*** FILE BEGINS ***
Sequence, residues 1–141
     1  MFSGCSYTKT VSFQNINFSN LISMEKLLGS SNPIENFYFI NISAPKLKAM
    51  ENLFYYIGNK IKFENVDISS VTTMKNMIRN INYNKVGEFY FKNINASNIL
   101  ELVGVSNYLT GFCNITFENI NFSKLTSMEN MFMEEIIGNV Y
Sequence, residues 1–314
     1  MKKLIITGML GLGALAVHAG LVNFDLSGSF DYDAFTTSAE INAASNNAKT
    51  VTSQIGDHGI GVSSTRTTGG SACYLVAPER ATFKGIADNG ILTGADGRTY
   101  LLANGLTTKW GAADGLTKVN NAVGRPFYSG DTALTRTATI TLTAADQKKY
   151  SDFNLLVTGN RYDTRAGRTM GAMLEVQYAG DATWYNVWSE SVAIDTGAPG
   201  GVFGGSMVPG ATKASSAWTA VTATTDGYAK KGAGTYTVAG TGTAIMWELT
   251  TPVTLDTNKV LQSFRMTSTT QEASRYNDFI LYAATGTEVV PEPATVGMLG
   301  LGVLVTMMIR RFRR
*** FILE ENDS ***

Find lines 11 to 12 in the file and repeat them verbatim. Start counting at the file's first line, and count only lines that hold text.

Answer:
   251  TPVTLDTNKV LQSFRMTSTT QEASRYNDFI LYAATGTEVV PEPATVGMLG
   301  LGVLVTMMIR RFRR